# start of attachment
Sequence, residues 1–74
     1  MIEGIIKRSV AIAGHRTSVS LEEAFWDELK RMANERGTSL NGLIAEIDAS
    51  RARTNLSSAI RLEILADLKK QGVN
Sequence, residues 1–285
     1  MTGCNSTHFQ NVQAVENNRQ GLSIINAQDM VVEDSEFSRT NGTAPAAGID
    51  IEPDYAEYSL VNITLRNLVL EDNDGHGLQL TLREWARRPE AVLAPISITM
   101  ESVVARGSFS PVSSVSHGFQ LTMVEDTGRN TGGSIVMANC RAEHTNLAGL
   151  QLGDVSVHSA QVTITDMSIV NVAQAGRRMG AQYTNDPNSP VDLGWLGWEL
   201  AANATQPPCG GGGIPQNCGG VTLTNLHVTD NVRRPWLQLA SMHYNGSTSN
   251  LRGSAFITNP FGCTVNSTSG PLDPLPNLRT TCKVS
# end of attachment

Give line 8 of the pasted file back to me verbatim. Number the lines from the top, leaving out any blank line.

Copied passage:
   151  QLGDVSVHSA QVTITDMSIV NVAQAGRRMG AQYTNDPNSP VDLGWLGWEL